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Aquatic Biology

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AB 8:259-267 (2010)  -  DOI:

Buoyed up and slowed down: speed limits for diving birds in shallow water

Emily L. C. Shepard1,*, Rory P. Wilson1, Agustina Gómez Laich2, Flavio Quintana2,3

1Department of Pure and Applied Ecology, Institute of Environmental Sustainability, Swansea University, Swansea SA2 8PP, UK
2Centro Nacional Patagónico (CENPAT)-CONICET, (9120) Puerto Madryn, Chubut, Argentina
3Wildlife Conservation Society, 2300 Southern Boulevard, New York, New York 10460, USA

ABSTRACT: In air-breathing animals, the time and energy costs of each dive are primarily determined by depth-related upthrust, swim speed and temperature. While studies have previously investigated how animals should optimise their behaviour in relation to either upthrust or speed they have rarely been examined in tandem. We took overall dynamic body acceleration (ODBA) as a proxy for the mechanical power used during the bottom phases of dives of imperial shags Phalacrocorax atriceps, as these birds forage benthically, in order to define: (1) the minimum power required for swimming at depth and (2) how the use of power above this threshold varied with dive depth. Results showed that ODBA declined with increasing dive depth in a manner correlated with the reduction in upthrust, and that the use of power above that required for prey searching increased with increasing dive depth. This may constitute a response to depth-related patterns in prey availability. We present a model to investigate an alternative hypothesis that the ability of birds to produce burst speeds is also inversely related to the power required to counter buoyancy. Under the model assumptions, achievable burst speeds vary up to 0.7 m s–1 across dive depths from 5 to 60 m. Ultimately, prey preferences cannot be separated from prey fields, but we suggest that this model may provide insight into the ability of air-breathing divers to pursue various prey types according to dive depth.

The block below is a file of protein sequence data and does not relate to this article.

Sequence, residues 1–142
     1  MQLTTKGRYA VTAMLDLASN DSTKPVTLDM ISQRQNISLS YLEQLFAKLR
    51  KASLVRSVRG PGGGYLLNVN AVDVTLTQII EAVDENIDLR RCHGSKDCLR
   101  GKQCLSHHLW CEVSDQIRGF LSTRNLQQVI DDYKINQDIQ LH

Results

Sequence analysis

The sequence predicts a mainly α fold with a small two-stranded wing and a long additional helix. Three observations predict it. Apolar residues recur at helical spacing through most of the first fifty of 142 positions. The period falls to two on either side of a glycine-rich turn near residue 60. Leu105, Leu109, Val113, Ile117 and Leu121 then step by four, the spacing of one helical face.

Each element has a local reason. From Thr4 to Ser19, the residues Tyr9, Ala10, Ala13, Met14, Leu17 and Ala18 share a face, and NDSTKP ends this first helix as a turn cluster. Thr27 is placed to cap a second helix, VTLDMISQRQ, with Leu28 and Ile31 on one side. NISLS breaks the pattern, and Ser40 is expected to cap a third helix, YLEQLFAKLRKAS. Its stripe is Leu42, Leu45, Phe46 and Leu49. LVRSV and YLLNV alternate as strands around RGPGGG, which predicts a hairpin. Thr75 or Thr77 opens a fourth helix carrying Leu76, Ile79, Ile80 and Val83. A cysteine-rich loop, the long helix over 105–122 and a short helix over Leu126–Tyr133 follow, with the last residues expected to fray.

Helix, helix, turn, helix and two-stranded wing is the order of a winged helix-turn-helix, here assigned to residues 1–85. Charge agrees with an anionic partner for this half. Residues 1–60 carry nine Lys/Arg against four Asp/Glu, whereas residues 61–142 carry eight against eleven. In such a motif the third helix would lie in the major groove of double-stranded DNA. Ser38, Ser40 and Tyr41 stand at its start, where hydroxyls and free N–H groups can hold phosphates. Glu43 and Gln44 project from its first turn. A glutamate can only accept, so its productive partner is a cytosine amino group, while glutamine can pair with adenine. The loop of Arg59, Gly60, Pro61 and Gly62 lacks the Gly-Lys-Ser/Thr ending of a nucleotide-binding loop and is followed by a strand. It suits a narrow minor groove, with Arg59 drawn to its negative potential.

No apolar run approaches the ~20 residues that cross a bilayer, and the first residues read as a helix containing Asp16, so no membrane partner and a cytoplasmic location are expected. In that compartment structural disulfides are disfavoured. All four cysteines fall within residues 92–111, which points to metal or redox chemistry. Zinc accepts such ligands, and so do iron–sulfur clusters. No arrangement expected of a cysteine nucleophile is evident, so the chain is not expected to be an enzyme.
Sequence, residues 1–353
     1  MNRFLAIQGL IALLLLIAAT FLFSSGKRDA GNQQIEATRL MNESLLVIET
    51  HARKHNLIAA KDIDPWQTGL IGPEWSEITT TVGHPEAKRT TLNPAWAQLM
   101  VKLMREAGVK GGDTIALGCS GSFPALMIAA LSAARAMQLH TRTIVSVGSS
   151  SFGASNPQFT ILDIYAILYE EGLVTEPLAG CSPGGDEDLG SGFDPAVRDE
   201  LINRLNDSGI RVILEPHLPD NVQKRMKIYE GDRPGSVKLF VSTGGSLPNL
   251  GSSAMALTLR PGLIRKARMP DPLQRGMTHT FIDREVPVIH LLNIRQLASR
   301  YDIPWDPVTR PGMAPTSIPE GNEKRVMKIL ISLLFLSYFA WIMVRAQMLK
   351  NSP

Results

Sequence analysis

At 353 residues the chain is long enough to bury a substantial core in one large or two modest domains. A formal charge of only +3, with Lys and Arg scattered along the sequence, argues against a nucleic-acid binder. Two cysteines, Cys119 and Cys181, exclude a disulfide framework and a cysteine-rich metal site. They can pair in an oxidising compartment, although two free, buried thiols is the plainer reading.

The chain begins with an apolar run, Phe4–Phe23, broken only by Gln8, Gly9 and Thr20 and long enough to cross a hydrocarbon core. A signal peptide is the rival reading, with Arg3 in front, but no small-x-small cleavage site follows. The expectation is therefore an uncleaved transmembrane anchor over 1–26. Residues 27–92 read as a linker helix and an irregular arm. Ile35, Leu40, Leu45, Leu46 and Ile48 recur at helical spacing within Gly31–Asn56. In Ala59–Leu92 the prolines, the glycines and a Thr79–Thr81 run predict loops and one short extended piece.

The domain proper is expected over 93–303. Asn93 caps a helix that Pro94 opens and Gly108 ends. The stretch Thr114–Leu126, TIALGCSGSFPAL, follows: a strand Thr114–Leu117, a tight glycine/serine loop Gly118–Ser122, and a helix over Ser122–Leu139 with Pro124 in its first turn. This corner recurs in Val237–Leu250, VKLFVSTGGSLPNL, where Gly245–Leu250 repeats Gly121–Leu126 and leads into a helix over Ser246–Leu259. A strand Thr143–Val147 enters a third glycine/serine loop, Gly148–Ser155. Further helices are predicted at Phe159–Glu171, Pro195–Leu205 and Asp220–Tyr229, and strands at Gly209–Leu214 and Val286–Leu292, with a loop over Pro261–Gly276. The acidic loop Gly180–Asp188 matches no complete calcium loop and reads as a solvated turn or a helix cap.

KEY WORDS: Swim speed · Diving bird · Accelerometry · Overall dynamic body acceleration · ODBA

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Cite this article as: Shepard ELC, Wilson RP, Gómez Laich A, Quintana F (2010) Buoyed up and slowed down: speed limits for diving birds in shallow water. Aquat Biol 8:259-267.

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